Learn how to Grow Your Four Legal Cannabis plants today!

Getting The Temperature Right

Before we get into the details of setting up your own amazing watering system, a few reminders to put your new grow into perspective: First, cannabis plants love a little more heat and humidity than people do. The ideal ambient air temperature inside a cannabis grow operation should be between 75 and 80°F (24 and 27°C). The ideal relative humidity level to maintain for your cannabis plants in the vegetative cycle is between 40 and 60%.

When you visit your plants daily, take advantage of the Control Unit you’ve conveniently hung on the inside wall of your new growing area. This handy digital device will show you the temperature, relative humidity level and time of day with a thermometer, hygrometer and a clock respectively.

 During your plant’s “day time”, the Control Unit will show you the exact temperature and humidity level inside your tent or grow room. At this early stage of your young plants’ development, maintaining the correct temperature and humidity inside your grow area should be “automatic”, especially if you have an LED grow light which burns much cooler than conventional lamps.

It’s when your plants begin to mature and grow beyond 1 foot in height that their transpiration and photosynthesis ramps up, putting significantly more heat and moisture into your growing area. Remember, your plants only use 5% of the water they take up through their roots as they draw the nutrients out of the water. The other 95% of the water gets pumped out back into your grow room air through the plant leaves. 

 

If the temperature and humidity are a little too high however, you need only turn down the heat in the growing area. This can be as easy as speeding up your ventilation system. If you’ve purchased “one-speed” input and exhaust fans, simply turn down the temperature of the main area or room that your grow tent or grow area is situated within. If that’s not possible, open a window. If it’s hot outside, put an air conditioner in that window. 

If neither of these options work for you, and if your residence does not have central air, then you can get a little “portable” air conditioner just for your growing area. Even though a portable will use extra power, it pays for itself by doing “double duty”. It will control the air temperature and work as a dehumidifier by removing excess humidity from your grow room air. And the water it collects is actually distilled pure water that you can add to your large main reservoir!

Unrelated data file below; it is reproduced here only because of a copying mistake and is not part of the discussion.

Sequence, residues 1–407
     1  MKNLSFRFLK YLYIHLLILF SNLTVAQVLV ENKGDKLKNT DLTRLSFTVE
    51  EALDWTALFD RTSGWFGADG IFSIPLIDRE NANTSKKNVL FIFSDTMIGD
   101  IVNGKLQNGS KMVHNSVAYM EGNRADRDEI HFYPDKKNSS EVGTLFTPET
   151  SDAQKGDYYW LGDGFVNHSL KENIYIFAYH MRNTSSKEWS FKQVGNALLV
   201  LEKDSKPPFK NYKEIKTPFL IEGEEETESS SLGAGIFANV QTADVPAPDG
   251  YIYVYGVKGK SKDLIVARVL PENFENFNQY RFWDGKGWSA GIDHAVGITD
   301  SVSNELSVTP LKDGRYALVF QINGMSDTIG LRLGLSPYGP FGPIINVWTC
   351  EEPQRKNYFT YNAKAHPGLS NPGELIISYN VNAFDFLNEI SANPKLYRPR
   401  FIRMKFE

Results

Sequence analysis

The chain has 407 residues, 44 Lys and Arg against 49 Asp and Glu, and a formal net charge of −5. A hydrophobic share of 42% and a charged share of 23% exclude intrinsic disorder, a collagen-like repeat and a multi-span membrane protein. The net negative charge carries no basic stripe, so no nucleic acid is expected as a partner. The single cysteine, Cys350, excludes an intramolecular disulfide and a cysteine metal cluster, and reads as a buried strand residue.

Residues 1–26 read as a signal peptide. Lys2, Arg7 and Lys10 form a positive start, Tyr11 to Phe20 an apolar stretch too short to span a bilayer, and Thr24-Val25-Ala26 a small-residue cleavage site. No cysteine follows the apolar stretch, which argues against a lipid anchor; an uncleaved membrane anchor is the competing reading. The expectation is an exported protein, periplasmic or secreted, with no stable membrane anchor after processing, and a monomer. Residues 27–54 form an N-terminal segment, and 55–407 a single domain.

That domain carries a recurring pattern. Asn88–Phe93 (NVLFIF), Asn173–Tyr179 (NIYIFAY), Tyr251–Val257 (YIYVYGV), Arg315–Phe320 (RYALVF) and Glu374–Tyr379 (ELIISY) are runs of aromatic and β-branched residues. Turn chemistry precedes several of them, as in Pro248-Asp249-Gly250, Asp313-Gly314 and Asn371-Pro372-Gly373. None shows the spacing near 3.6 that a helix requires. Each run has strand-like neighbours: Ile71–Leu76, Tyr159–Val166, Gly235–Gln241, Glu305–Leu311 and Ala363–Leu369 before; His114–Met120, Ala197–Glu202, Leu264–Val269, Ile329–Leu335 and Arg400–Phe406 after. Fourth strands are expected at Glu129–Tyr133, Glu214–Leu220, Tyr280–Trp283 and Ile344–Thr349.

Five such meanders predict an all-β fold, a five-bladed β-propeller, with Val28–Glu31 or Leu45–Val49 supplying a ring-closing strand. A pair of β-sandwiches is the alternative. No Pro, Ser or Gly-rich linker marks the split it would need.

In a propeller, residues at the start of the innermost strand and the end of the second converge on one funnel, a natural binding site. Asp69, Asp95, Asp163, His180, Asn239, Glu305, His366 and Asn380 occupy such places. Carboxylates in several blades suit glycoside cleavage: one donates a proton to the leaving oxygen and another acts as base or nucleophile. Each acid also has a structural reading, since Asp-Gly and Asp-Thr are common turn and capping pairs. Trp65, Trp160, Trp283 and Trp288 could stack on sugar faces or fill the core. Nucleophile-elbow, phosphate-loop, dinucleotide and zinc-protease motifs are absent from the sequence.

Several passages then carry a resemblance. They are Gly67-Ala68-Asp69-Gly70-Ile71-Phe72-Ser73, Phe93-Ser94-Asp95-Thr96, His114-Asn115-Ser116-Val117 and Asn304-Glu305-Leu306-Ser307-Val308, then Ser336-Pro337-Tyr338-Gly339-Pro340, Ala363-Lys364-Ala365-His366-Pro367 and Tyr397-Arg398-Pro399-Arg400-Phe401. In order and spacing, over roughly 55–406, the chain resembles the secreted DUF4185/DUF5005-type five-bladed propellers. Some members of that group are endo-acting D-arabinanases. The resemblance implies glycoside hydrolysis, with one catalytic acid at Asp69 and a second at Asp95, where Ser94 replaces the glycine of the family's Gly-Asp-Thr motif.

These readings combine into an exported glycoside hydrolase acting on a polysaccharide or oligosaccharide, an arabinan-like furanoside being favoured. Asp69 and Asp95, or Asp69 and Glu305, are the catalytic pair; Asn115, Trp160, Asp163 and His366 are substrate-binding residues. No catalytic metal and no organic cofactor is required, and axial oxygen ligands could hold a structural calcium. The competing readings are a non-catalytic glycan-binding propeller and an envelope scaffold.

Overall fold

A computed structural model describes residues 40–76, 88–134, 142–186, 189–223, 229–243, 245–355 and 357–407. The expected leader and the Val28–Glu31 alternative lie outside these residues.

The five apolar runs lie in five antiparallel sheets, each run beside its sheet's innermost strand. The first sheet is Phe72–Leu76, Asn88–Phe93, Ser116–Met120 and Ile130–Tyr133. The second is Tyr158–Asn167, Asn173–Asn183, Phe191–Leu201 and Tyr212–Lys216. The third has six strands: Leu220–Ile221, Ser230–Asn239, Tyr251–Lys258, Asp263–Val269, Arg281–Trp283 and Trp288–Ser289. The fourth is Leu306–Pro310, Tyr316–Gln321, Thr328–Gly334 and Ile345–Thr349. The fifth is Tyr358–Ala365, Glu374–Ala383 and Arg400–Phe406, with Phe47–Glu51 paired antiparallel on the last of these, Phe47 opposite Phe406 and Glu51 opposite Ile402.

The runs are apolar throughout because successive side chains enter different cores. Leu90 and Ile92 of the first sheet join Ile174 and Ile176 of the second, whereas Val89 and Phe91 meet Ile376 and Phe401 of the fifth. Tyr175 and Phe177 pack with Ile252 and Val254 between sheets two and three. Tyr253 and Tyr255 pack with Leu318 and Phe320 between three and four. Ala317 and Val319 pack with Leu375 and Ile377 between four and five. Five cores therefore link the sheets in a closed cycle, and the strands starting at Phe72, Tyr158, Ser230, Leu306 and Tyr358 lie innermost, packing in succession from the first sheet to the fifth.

The second point you must consider is something experienced home growers argue about endlessly: Where to put the vented moist, warm air? Practically speaking, a little grow tent can have its air vented directly into the outer room without causing any mold damage if and only IF you can control the outer room temperature. 

To keep things as simple as possible however, we recommend that you never, EVER exhaust the air from your growing area into another room and especially into a basement or an attic if you have one. Forcing your exhaust air into another room, an attic or basement will leave you open to the possibility of damaging your residence with mold. Mold is both a serious health hazard and can be VERY expensive and sometimes even impossible to get rid of—without gutting your entire residence! Growers should NOT take this risk.

Forcing your exhaust air into another room with no windows, temperature controls or dehumidification will only increase the temperature and humidity inside of your living area which ultimately recirculates BACK INTO YOUR GROWING AREA!

So take advantage of some duct line (like the wide exhaust hose that’s hooked up to your dryer) and vent your growing air out of your growing area and completely OUT of your residence. Doing so will give your plants a healthy stable growing environment at the ideal temperature and humidity they can thrive in!  All you need to keep adding after that, is the love…AND the water!

This is why getting your water and nutrient delivery system figured out while your plants are still small is so important! We’ll be covering this in an upcoming 

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